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Prostate cancer


Page last updated: June 2024

The information on this webpage was adapted from Understanding Prostate Cancer - A guide for people with cancer, their families and friends (2024 edition). This webpage was last updated in June 2024.

Expert content reviewers:

This information was developed based on Australian and international clinical practice guidelines, and with the help of a range of health professionals and people affected by prostate cancer:

  • Prof Declan Murphy, Consultant Urologist, Director – Genitourinary Oncology, Peter MacCallum Cancer Centre and The University of Melbourne, VIC
  • Alan Barlee, Consumer
  • Dr Patrick Bowden, Radiation Oncologist, Epworth Hospital, Richmond, VIC
  • Bob Carnaby, Consumer
  • Dr Megan Crumbaker, Medical Oncologist, St Vincent’s Hospital Sydney, NSW
  • Henry McGregor, Health Physiotherapist, Adelaide Men’s Health Physio, SA
  • Jessica Medd, Senior Clinical Psychologist, Department of Urology, Concord Repatriation General Hospital and Headway Health, NSW
  • Dr Gary Morrison, Shine a Light (LGBTQIA+ Cancer Support Group)
  • Caitriona Nienaber, 13 11 20 Consultant, Cancer Council WA;
  • Graham Rees, Consumer
  • Kerry Santoro, Prostate Cancer Specialist Nurse Consultant, Southern Adelaide Local Health Network, SA
  • Prof Phillip Stricker, Chairman, Department of Urology, St Vincent’s Private Hospital, NSW
  • Dr Sylvia van Dyk, Brachytherapy Lead, Peter MacCallum Cancer Centre, VIC.

Prostate cancer begins when abnormal cells in the prostate start growing in an uncontrolled way. 

The prostate

The prostate is a small gland about the size of a walnut. It forms part of the male reproductive system.

The prostate sits below the bladder and in front of the rectum (the end section of the large bowel). Two glands called the seminal vesicles attach to the back of the prostate.

The prostate is close to nerves, blood vessels, and muscles that help control erections and urination (the pelvic floor muscles and urinary sphincter). 

What the prostate does

The prostate produces fluid that helps to feed and protect sperm. This fluid forms part of semen. Semen also contains sperm made in the testicles (testes) and fluid made by the seminal vesicles.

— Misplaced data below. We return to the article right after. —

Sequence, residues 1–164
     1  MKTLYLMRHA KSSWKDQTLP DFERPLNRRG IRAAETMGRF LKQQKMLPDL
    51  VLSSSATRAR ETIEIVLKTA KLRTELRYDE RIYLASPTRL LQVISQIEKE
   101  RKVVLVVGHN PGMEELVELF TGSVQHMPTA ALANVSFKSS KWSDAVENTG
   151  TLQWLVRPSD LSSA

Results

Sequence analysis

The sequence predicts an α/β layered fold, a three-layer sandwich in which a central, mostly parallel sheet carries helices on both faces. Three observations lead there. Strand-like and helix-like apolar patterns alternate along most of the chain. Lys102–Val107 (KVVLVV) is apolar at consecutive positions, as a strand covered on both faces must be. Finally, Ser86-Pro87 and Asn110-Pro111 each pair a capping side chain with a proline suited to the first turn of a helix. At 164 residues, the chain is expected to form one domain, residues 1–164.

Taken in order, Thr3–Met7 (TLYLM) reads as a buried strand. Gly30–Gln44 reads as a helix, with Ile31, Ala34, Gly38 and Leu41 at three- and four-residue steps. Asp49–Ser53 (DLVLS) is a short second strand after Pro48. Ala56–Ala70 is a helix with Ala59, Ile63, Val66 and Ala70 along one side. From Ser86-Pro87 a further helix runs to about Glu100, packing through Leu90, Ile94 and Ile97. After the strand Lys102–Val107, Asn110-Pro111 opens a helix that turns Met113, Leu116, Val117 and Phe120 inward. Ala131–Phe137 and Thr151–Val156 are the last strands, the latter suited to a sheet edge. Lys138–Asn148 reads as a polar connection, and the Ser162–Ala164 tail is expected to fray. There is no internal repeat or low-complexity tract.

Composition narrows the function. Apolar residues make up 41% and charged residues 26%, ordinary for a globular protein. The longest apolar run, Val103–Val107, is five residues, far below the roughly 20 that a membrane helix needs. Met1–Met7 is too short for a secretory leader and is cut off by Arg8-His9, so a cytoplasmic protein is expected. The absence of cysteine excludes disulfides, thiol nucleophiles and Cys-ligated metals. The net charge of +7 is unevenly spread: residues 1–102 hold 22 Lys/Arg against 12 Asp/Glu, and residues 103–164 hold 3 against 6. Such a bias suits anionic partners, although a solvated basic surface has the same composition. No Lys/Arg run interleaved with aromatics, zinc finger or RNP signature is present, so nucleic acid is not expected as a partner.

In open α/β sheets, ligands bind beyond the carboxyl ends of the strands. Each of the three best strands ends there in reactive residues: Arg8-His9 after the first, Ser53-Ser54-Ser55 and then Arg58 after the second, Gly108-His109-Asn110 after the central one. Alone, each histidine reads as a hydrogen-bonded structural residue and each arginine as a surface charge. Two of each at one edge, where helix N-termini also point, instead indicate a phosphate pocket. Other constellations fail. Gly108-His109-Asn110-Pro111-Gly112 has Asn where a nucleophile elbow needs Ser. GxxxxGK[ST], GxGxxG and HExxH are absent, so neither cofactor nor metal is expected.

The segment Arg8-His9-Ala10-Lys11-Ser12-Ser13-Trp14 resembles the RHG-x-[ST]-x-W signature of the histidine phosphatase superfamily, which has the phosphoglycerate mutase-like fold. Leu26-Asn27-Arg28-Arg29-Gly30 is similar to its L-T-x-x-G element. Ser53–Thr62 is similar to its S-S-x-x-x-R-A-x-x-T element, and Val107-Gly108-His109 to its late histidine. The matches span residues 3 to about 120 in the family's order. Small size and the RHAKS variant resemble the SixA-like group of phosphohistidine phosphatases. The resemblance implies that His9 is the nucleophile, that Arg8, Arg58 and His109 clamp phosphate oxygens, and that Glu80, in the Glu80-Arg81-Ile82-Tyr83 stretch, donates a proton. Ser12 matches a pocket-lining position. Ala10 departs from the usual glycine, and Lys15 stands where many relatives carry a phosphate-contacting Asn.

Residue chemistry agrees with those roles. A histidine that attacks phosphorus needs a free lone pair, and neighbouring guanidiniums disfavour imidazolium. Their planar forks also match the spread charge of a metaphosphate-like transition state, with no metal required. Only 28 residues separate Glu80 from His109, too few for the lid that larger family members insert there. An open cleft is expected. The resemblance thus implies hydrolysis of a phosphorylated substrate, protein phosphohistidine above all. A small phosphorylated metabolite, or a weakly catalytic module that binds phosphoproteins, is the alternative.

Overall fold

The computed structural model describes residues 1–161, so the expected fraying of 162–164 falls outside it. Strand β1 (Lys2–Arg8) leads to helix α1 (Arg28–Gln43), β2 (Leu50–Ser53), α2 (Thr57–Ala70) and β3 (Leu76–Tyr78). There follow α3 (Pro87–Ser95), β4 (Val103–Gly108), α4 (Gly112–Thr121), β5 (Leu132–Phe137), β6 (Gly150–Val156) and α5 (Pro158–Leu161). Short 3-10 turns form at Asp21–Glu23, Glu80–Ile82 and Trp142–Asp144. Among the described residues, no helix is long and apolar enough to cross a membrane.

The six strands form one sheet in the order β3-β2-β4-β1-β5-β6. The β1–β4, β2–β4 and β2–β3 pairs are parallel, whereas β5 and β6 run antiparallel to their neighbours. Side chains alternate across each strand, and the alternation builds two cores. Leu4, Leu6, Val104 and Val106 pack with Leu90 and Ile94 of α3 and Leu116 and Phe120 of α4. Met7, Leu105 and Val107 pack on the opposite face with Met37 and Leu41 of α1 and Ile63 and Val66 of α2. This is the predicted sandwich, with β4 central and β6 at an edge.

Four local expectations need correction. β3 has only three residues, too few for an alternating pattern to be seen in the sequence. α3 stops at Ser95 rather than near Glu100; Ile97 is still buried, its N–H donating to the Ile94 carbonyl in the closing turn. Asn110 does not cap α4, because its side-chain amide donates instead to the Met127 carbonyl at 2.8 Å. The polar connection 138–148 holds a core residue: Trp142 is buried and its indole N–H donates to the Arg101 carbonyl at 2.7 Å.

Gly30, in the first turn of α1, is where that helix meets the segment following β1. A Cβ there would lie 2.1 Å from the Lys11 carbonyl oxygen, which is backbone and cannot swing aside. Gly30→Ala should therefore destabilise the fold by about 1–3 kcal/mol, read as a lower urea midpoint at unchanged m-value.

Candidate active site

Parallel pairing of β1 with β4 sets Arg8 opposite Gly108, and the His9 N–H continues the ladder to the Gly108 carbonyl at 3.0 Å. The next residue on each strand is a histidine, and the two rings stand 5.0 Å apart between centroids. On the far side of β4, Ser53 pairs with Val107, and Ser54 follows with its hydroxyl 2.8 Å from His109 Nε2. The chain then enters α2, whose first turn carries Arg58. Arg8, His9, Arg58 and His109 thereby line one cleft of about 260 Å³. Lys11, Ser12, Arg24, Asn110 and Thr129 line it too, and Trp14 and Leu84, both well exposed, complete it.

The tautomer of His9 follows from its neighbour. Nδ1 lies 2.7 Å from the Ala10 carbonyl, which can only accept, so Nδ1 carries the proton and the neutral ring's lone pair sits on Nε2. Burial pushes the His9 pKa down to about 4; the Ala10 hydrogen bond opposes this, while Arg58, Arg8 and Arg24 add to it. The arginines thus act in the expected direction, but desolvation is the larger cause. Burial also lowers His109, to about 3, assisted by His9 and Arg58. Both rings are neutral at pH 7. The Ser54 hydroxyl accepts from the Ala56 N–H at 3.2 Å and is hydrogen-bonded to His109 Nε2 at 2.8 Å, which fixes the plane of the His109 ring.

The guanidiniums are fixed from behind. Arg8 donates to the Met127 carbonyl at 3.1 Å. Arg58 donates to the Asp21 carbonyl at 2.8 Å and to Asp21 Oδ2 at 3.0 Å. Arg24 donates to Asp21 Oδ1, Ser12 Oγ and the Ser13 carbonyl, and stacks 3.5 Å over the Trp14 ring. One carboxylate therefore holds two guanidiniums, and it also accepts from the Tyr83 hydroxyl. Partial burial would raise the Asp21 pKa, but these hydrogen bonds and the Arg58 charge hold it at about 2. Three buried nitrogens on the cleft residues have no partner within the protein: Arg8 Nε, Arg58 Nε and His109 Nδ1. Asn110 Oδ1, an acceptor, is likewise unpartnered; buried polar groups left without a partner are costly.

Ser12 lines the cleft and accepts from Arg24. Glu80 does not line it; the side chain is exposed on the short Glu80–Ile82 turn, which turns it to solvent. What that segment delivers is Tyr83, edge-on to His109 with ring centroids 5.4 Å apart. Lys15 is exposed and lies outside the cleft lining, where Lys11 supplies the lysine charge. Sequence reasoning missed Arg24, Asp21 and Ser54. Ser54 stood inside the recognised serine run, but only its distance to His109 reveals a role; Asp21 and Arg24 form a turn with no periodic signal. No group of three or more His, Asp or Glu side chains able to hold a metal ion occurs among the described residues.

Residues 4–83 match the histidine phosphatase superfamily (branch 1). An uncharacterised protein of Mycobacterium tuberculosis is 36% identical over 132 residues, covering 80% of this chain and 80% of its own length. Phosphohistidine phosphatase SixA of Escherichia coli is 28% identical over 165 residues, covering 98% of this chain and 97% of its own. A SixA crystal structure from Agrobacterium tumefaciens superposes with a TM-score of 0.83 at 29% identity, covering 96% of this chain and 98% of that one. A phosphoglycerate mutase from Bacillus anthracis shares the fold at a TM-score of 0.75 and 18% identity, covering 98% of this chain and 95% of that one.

• Urethra – this is a thin tube that runs from the bladder and through the prostate to take urine (wee or pee) out of the body. The urethra also carries semen during orgasm.
  • Ejaculation – when an orgasm occurs, millions of sperm from the testicles move through two tubes near the prostate called the vas deferens. The sperm then join with the fluids produced by the prostate and seminal vesicles to make semen. The muscle around the prostate contracts and pushes the semen into the urethra and out through the penis.

How the prostate grows

The male sex hormone, testosterone, is made by the testicles and controls how the prostate grows. It is normal for the prostate to become larger with age. This may lead to a condition known as benign prostate hyperplasia (BPH).


How common is prostate cancer?

Prostate cancer is the most common cancer in Australian men (except for skin cancer). About 1 in 12 men will get prostate cancer by the age of 70, and 1 in 5 will get it in their lifetime. 

About 25,500 men are diagnosed each year, and rates are increasing. This may be in part because the population is growing and people may be living longer.

Anyone with a prostate can get prostate cancer – men, transgender women and intersex people. See our LGBTQI+ communities page for more information. For information specific to you, speak to your doctor. 

More prostate cancer statistics and trends

Risk factors

Factors that increase the risk of developing prostate cancer include: